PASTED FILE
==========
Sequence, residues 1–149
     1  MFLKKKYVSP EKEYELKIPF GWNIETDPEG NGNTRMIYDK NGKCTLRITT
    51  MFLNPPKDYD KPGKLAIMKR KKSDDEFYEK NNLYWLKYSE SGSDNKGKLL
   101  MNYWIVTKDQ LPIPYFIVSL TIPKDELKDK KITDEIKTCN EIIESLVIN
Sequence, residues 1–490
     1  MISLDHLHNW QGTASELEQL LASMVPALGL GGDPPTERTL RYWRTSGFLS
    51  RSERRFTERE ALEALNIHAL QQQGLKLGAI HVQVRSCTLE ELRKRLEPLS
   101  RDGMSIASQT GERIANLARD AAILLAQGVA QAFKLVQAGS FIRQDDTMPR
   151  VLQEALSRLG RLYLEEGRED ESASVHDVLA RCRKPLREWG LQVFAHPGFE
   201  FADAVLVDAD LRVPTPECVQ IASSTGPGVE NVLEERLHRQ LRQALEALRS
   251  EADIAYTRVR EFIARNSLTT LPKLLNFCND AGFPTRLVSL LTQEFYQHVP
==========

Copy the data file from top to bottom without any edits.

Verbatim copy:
Sequence, residues 1–149
     1  MFLKKKYVSP EKEYELKIPF GWNIETDPEG NGNTRMIYDK NGKCTLRITT
    51  MFLNPPKDYD KPGKLAIMKR KKSDDEFYEK NNLYWLKYSE SGSDNKGKLL
   101  MNYWIVTKDQ LPIPYFIVSL TIPKDELKDK KITDEIKTCN EIIESLVIN
Sequence, residues 1–490
     1  MISLDHLHNW QGTASELEQL LASMVPALGL GGDPPTERTL RYWRTSGFLS
    51  RSERRFTERE ALEALNIHAL QQQGLKLGAI HVQVRSCTLE ELRKRLEPLS
   101  RDGMSIASQT GERIANLARD AAILLAQGVA QAFKLVQAGS FIRQDDTMPR
   151  VLQEALSRLG RLYLEEGRED ESASVHDVLA RCRKPLREWG LQVFAHPGFE
   201  FADAVLVDAD LRVPTPECVQ IASSTGPGVE NVLEERLHRQ LRQALEALRS
   251  EADIAYTRVR EFIARNSLTT LPKLLNFCND AGFPTRLVSL LTQEFYQHVP